On or about the 11th of May, depending on the weather and my general state of health, I will step out of my old grey house on the Limestone Creek, built, we have learned, as a cobbler shop for Yankees heading south to fight in the Civil War, and I will make a right turn on Watervale Road.
At that point, three miles north of the old Cherry Valley Turnpike, I will turn my backpack toward the south, stick out my thumb, and begin what I expect will be a 10,000 mile journey across the American land. This will be in fulfillment of a plan that came to me some time back, a notion to retrace the steps of a youthful journey exactly forty summers ago.
In that year, 1978, my childhood friend Joe, a Staten Island boy long since transplanted to Boston, accompanied me as we successfully, eventfully, and sometimes hilariously made our way across the United States, crossing into Canada at least once, camped in the Rocky Mountains which our eastern eyes had only seen in pictures, and without relying on a single paid fare and only a couple of nights paid lodging, arrived at the Golden Gate Bridge in San Francisco unharmed.
We made our way through California to the Grand Canyon, which we climbed into and ascended from on the same day (not advised), hitched through the desert southwest, found friends in Oklahoma and rides through Arkansas that left us on the side of the road in Memphis on the first anniversary of the death of Elvis Presley, which coincided with a strike by the Memphis police force. Anarchy reigned.
When that party climaxed we pointed our thumbs south and just around the time the August humidity threatened to drown us, we arrived in the French Quarter of New Orleans. All this thanks to the kindness of multiple strangers, and my Uncle Ritchie, who had a place in the Quarter and entrée to clubs that these grubby college boys could not have afforded without him.
In time we turned north, and in Meridian, Mississippi hitched a ride with a family in their camper van all the way to Ohio, and a few short hitches later we were back in New York.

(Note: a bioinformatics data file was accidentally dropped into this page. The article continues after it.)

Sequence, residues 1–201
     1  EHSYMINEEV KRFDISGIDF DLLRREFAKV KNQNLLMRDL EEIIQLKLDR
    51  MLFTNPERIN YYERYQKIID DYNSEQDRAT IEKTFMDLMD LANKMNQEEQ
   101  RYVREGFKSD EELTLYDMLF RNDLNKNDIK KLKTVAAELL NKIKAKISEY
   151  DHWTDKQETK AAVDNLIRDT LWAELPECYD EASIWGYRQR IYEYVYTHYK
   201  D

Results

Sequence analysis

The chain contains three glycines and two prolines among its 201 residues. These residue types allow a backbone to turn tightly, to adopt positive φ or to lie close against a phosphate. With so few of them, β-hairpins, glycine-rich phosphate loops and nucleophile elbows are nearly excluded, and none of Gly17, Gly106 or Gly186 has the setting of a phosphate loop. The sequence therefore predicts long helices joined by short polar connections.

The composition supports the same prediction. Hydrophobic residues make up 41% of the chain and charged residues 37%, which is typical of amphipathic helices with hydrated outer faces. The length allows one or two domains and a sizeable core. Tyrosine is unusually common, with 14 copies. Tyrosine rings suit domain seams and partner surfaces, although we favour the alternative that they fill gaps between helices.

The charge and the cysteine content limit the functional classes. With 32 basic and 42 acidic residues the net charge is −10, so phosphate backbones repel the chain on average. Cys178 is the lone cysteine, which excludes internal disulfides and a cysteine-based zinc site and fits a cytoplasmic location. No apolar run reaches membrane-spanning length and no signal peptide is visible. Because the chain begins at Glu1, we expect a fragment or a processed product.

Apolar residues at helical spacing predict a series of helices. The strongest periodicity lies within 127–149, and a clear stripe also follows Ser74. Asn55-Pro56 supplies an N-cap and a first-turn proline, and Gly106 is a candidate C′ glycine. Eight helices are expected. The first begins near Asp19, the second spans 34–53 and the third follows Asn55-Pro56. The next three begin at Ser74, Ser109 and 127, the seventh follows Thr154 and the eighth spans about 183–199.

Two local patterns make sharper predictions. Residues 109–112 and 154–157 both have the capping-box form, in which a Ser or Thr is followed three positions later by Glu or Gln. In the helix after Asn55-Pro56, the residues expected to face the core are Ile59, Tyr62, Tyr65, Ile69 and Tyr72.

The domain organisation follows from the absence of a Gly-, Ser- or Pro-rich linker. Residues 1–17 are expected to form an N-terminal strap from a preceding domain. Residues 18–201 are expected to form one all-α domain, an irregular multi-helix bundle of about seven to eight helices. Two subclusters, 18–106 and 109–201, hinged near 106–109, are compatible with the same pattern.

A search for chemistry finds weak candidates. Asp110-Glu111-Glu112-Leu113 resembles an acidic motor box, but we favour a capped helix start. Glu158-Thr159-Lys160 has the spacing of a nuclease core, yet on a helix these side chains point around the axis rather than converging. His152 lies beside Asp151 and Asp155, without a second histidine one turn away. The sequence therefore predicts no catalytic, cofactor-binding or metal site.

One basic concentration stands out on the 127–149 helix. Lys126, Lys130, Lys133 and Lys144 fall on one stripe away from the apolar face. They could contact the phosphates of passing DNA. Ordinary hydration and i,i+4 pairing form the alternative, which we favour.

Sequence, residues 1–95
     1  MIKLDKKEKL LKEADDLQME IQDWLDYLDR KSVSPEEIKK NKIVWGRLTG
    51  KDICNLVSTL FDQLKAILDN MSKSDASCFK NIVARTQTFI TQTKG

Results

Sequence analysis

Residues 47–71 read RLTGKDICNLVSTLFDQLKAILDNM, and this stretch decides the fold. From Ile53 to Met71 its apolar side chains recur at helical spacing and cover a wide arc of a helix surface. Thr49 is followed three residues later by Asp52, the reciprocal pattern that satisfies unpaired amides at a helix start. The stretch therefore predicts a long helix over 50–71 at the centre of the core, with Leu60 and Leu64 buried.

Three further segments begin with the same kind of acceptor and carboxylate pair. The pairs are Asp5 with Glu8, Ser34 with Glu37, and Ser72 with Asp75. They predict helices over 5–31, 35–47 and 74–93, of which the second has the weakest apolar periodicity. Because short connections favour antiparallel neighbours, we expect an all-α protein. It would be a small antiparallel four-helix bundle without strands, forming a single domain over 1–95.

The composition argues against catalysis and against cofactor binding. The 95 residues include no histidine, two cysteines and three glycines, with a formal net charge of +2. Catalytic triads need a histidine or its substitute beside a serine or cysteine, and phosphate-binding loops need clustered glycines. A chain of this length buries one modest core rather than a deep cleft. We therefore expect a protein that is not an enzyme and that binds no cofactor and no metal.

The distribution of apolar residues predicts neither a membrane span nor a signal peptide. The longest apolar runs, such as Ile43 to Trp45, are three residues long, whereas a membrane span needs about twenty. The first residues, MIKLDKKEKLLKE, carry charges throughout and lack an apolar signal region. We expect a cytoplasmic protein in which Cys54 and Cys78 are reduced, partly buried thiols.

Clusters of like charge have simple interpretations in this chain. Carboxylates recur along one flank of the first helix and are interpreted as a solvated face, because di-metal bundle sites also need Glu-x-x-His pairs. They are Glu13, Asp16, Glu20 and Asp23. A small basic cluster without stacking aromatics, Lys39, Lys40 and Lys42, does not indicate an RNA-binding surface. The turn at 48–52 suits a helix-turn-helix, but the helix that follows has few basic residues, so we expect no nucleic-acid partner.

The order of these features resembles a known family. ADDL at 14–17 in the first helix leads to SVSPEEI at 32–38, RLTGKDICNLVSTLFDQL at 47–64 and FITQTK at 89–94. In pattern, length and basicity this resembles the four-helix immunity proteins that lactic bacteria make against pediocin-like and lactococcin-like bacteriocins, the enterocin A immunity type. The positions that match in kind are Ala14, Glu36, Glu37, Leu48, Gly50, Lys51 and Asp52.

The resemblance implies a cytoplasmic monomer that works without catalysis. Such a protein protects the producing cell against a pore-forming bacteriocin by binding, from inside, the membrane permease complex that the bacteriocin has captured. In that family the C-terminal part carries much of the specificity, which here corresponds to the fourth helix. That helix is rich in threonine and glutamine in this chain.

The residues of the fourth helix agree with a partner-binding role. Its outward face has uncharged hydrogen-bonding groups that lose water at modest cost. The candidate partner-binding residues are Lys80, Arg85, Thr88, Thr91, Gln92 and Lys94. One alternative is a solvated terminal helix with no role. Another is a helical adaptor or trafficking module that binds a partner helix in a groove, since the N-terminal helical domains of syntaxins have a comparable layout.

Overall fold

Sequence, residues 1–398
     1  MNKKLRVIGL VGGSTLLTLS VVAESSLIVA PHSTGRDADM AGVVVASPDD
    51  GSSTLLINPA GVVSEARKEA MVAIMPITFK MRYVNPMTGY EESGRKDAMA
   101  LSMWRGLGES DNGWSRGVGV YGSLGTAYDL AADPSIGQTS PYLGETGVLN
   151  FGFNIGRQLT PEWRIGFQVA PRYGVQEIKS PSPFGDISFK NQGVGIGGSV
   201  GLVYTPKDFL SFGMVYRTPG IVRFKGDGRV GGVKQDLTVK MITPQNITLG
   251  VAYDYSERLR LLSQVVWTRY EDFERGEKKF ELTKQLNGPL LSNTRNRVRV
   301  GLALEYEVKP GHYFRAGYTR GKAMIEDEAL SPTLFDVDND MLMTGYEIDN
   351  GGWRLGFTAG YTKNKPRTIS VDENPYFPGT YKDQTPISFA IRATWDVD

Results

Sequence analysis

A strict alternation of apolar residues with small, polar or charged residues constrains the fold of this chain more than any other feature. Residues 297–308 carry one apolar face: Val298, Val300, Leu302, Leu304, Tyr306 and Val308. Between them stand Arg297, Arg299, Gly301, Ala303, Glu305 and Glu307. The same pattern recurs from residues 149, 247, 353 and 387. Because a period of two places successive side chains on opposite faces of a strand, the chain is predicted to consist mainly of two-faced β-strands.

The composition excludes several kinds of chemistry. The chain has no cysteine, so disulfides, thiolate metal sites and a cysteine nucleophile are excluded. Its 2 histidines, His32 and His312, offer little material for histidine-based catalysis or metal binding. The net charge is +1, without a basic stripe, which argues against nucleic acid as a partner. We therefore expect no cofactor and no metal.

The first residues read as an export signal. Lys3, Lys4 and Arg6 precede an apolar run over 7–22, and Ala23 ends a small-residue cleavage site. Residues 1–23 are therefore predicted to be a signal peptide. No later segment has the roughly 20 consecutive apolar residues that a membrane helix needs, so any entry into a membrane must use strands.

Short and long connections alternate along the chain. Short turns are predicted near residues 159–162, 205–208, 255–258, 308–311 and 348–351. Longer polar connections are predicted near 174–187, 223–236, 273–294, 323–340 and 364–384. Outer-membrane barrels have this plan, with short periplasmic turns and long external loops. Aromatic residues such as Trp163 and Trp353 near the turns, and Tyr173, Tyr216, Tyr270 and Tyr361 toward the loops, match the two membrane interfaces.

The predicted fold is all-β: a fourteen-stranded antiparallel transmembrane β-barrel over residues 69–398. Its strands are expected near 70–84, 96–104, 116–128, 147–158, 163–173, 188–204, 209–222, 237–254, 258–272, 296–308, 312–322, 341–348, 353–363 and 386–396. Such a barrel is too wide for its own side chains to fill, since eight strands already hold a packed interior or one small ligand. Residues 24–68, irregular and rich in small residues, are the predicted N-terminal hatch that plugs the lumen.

It’s been forty years, and that trip still sticks with me as one of the finest educational and recreational experiences of what has turned out to be a pretty far ranging life.
So I’m going to do it again.
This time around it will be just me. Joe is in the throes of late middle age, balancing retirement planning with college tuition for his two kids, not to mention diabetes and a new titanium hip. When I told him that I was going back out on the road, he shook his head and spent the better part of an evening trying to convince me not to do it.
Joe speaks for a lot of my friends and a significant minority in my family (my wife, suspiciously, wholeheartedly endorses the plan).
Here’s what they say.
- Nobody hitchhikes any more.
- It’s not safe.
- Things have changed too much.
- Some combination of 1-3.
So here’s my reply. I’m hitting the road. I’m not sure how this will turn out, but then again hitching is the ultimate embrace of uncertainty. I’m not worried, but that’s most likely because I have never learned how to worry much. At this point I’ve got nothing to prove in life.
I’ve been nearly killed by a drunk driving an airborne Grand Prix that landed on the driver’s side of my 1972 Ford Pinto. I’ve had a home burn down, stared down an armed Arkansas tomato farmer who didn’t like my poking into his slaving operations, and been kidnapped by a Nicaraguan contra with lifeless eyes. In the past decade I’ve said goodbye to the curly hair that topped my head when I first hitched cross country, buried two parents and, in the ultimate sadness, kissed a stillborn grandchild goodbye.
And you think I should worry about someone I don’t know – just because he wants to give me a ride?
What is there to worry about on this trek?
Here is my hypothesis. People are still good. People still want to help other people. I’ll make it.
In the past 40 years, people think that things have gotten scarier, but in fact they have gotten safer. Violent crime is down. Drunk driving is down. Seatbelts didn’t exist when Joe and I took our trek; today we have enough airbags in a car to land a spaceship safely in the Pacific Ocean.
Not to mention communication. When my parents dropped me and Joe at the Airmont Road entrance ramp to the New York State Thruway on July 2 of 1978, the only way they could expect to hear from us was via a letter in the mailbox or a collect call. This summer I’ll have a computer in my pocket more powerful than NASA possessed in the summer of ‘78, and my friends at Google will be telling the world exactly where I am at every moment of the trip.
Of course, I might get killed. Maybe some beady-eyed lunatic will decide to track me down using that little Google device, and do his very best to do me in (for the record, I will go unarmed – believe me that’s best for everyone involved.) If Delbert should succeed in tracking me down and putting an end to me, it will be sad. I will be really pissed off to have to concede, in my final breath, that my hypothesis was fatally flawed.
But I don’t think that is likely to be the case. I think it’s going to be a blast, and boring, hypnotizing, fascinating, and rainy with bursts of sunshine.